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The UK’s immigration personnel are currently working hard to process the backlog of refugee applications coming in as a result of war-torn Ukraine, but they’re not alone. The increased demand has also caused delays for those traveling internationally who want either academic or work opportunities abroad.

The situation has left prospective students from many countries including Nigeria stranded and not able to quickly process their travel requirements before the September school commencement as they normally should.

The British high commissioner to Nigeria has said that people should not apply for visas in August this year because it will be too late by the time they receive their visa and start studying.

“The reason for this is that UKVI, our visa, and immigration processing system, is under enormous pressure. You will all be aware of the horrible humanitarian situation in Ukraine, and we have had to prioritize processing visas for people trying to get out of that horrible war zone. So, please help is to help you, to make sure you get to the UK in September for your studies.”

The uncertain political climate in Nigeria has caused a rush for education, according to experts. The prolonged strike by the Academic Staff Union of Universities (ASUU) and the upcoming 2023 general elections are leading causes that many citizens feel compelled or pressured into pursuing higher-level learning opportunities now before they’re gone forever.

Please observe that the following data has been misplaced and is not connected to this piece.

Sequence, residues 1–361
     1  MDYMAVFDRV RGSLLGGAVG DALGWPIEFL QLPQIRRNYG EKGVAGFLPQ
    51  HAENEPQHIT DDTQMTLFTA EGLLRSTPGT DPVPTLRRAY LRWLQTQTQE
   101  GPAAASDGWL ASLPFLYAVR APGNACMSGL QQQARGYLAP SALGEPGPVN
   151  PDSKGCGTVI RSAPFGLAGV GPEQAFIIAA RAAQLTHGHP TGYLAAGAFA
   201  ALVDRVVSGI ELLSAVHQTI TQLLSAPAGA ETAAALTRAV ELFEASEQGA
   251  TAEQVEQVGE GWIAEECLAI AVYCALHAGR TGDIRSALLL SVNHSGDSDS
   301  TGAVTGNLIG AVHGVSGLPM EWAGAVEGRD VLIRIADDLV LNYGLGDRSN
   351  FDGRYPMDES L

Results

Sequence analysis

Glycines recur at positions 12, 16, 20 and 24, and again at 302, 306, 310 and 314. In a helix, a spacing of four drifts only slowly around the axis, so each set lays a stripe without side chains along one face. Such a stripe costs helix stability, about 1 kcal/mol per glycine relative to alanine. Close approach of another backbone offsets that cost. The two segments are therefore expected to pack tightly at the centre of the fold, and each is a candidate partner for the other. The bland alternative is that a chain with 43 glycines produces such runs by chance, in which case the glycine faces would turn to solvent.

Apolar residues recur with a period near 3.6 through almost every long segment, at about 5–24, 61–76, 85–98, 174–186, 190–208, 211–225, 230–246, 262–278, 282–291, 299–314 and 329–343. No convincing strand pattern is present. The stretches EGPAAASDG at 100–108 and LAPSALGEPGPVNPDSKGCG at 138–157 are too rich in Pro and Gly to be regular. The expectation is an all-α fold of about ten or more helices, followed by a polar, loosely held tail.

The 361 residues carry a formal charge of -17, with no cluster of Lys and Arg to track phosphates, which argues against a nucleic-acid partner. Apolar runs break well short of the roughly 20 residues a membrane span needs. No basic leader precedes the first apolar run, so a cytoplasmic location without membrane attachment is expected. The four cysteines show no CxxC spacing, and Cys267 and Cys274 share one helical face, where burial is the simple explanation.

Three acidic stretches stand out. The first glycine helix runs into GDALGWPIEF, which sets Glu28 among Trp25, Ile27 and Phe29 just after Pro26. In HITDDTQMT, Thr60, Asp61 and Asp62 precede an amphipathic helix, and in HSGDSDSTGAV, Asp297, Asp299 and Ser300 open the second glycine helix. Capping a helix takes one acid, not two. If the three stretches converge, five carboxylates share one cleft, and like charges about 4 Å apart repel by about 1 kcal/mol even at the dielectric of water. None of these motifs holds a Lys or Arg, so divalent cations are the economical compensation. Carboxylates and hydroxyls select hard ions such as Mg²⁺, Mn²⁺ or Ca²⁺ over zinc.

While the issues are not immediately apparent, there is a clear link between Nigeria’s deteriorating security situation and its economic turmoil. These two factors have led to skyrocketing unemployment rates that will likely continue growing in future years if something isn’t done about it soon.

“I am not surprised at the record numbers of applications this season. A peek into the number of people — usually in their tens of thousands — who attend regular influencer-anchored social media meet-ups organized by Vive Africa and their likes will give you a feel of the scale of interest and engagement we are talking about,” said Emeka Ndukwe, an education policy expert based in Abuja.

With a little creativity, it’s likely that the UK government will find ways to navigate itself and innovate around its current travel processing challenges before next year’s prospective students enter their portals.